As for the barcode on the back of the book, it's just the ISBN number wrapped in some extra characters (which together are called an EAN number). In my case, I just use this EAN generator that I found on the Internet and a website that generates Postscript images of the barcode based on an EAN number.
What software applications do you use to write and publish your books?
I write the text in Microsoft Word. For me, I make each chapter a separate document. I do the page layout in Adobe PageMaker. Once I have a chapter complete in Word, I do a CTRL+A to highlight the entire document and then I paste it into Notepad. From there, I do another CTRL+A to highlight the entire document and I paste the content into PageMaker. By pasting through Notepad, I am able to strip away all of the weird formatting that Word uses that confuses PageMaker. Once the pure text is in PageMaker, I go through the chapter and apply all of the text formatting (headings, bullets, lists, etc.).
For the diagrams, I usually use Visio (since my diagrams are always network drawings instead of screenshots). Once I have a drawing finalized in Visio, I save it as a WMF file (Windows MetaFile). I import the WMF files directly into PageMaker after I have the text laid out. According to the printer, a lot of people use TIFs or something like that for their drawings. I personally like WMFs since they're extremely small (in terms of file size) and they are vector-based for infinite resolution.
When I'm done, I end up with a folder full of PageMaker files—one file for each chapter. I create a separate PageMaker document for the frontmatter (copyright pages, table of contents, etc) and the backmatter (index, appendixes). I use PageMaker's "book" functions to update page numbers across all pages in all documents, including the table of contents and the index.
As for the cover, I do all the layout in Corel Draw. I've used Corel Draw for years (ever since version 3), and I know it really well. Unfortunately, Corel Draw is not a "real" graphics program, and the book printers won't print anything from a Corel Draw file. Because of this, after my cover layout is complete in Corel Draw, I import the cover file into Macromedia Freehand. I clean up everything in Freehand, make sure that all my colors are CMYK instead of RGB, and print out a sample cover on my inkjet printer. For color matching, I bought this book on Amazon.com. It's basically a book of color swatches printed on a commercial printer. It allows me to find the colors that I want to use and enter them into the computer without having to worry about how they'll look when they're printed.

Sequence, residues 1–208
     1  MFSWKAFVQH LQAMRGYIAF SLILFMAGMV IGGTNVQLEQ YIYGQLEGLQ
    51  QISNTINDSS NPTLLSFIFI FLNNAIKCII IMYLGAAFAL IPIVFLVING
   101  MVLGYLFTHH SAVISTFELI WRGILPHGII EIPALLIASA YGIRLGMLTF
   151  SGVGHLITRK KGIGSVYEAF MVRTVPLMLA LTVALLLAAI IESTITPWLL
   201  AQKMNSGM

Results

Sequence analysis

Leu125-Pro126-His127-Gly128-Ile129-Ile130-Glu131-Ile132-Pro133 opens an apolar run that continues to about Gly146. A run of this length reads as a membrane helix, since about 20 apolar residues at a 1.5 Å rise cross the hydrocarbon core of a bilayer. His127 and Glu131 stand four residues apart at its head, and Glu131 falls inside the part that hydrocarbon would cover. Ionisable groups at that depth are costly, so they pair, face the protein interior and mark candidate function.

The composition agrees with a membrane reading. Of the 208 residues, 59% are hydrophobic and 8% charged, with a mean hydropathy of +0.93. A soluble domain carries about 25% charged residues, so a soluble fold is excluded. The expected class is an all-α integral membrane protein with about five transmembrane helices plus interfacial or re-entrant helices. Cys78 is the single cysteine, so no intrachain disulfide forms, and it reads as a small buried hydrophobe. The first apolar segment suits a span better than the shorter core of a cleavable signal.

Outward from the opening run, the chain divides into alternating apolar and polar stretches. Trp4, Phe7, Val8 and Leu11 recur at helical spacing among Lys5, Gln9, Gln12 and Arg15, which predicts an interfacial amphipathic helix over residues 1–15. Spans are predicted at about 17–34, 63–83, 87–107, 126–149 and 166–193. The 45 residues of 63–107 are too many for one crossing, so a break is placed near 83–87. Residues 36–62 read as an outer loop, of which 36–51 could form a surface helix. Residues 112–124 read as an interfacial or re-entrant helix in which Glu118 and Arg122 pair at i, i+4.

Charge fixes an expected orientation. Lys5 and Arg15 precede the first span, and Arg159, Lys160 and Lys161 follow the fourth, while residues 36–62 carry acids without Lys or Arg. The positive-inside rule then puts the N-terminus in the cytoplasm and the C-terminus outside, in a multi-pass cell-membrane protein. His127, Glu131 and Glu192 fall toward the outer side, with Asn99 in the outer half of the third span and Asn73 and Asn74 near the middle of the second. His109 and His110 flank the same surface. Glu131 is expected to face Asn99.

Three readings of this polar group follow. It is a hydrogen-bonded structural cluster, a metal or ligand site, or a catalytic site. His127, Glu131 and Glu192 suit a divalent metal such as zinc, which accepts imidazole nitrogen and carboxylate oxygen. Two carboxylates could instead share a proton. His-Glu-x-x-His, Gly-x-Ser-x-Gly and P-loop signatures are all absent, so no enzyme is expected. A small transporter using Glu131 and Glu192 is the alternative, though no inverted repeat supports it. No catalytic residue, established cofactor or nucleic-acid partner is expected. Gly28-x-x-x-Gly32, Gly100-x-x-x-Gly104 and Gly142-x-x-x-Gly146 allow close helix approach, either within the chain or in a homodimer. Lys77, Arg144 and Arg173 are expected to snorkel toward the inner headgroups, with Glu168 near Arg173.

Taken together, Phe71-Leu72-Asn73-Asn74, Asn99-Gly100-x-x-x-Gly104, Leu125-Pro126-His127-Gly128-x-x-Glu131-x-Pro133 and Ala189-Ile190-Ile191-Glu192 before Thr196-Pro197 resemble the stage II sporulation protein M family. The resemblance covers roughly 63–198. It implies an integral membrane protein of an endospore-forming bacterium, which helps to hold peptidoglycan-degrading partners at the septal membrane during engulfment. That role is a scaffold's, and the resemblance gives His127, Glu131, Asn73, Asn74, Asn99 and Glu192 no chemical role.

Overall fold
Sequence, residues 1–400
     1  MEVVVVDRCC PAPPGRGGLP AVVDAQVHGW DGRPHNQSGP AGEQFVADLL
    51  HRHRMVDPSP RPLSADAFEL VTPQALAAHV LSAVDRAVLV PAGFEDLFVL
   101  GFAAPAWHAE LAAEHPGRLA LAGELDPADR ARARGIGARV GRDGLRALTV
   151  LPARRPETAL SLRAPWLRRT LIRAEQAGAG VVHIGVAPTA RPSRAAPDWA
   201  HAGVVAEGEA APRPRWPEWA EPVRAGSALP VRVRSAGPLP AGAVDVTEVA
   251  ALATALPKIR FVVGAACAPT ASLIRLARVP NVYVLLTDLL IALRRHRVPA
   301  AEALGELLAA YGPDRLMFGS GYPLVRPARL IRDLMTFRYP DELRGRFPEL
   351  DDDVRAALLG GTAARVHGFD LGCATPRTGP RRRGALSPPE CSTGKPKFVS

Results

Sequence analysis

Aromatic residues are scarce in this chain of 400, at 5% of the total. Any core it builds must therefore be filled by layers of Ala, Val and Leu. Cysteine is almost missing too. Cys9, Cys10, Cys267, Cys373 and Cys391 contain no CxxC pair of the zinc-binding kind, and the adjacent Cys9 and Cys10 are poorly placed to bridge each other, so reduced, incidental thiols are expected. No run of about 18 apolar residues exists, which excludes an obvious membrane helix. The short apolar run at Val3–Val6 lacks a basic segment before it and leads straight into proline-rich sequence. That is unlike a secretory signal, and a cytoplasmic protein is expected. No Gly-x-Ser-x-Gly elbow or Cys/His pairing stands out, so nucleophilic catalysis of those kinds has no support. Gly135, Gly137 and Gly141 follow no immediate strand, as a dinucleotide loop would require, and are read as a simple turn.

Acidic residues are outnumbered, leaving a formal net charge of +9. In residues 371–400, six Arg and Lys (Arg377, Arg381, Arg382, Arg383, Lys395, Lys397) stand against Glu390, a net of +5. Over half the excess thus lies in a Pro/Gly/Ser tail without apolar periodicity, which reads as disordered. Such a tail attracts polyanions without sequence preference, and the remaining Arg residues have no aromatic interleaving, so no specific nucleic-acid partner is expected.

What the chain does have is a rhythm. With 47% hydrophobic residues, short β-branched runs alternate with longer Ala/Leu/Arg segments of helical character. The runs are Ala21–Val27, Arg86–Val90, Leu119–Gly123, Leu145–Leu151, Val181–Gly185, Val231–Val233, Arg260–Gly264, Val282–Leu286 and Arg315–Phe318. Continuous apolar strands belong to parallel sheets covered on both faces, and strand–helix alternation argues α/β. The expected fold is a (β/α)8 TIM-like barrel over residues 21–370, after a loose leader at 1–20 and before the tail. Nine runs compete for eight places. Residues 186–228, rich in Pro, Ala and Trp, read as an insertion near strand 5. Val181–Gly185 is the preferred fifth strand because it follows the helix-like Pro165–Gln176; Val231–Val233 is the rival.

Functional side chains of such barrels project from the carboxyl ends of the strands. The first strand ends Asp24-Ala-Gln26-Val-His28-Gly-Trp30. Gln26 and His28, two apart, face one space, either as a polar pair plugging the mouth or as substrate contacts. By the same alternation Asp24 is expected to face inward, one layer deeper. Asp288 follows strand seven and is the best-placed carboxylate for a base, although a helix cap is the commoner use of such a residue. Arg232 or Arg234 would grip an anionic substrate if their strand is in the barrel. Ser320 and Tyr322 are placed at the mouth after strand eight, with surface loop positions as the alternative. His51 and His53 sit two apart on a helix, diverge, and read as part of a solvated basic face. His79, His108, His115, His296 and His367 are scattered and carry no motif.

Once all my files are finalized, it's time to send them to the printer. Believe it or not, the printer prints the book based on a special PDF file. (Long past are the days of "camera ready" artwork.) Before I send them the PDF, I get the "PPD" files from the book printer. These files contain special instructions for PageMaker so that PageMaker's output is a perfect match for their printing presses. I use PageMaker's printing functionality to generate a 2400dpi Postscript file based on my printer's PPD files. Then, I use Adobe Acrobat Distiller to generate a PDF from the Postscript file.
How did you get the book printed?
I use an outsourced contract book printer (UGI in Mattoon, IL), just like all the large book publishers including Sybex, New Riders, and Sams. I send UGI the materials for my book (and a large check), and a few weeks later they send me a truckload of books. I used to send out requests for quotes to several printers, but UGI has handled my last four printings, and I've been extremely happy with them.
Once I have the final PDF and the cover files for the printer, I burn them to a CD (along with all the original PageMaker files and WMF images, just in case). I also print out a hard copy of the entire book (nothing special, just a regular laser printout). I cram everything into a FedEx box along with my check for the first 1/3 of the printing costs and send it on its way to the printer.
In about two weeks, I receive the "blueline" proofs. Basically, this gives me one last chance to review everything before the book production begins. After receiving my package, the printer takes my PDF and makes printing plates that will be used on the printing press. The blueline proof is a single copy of my book's pages sent to me after the printing plates are made but before they are used on the press. Assuming all goes well, my books arrive by semi truck a few weeks after I've approved the blueline.
How did you learn about self-publishing?
I learned just about everything from reading "The Self-Publishing Manual," by Dan Poynter. I highly recommend it. You should also check out his website.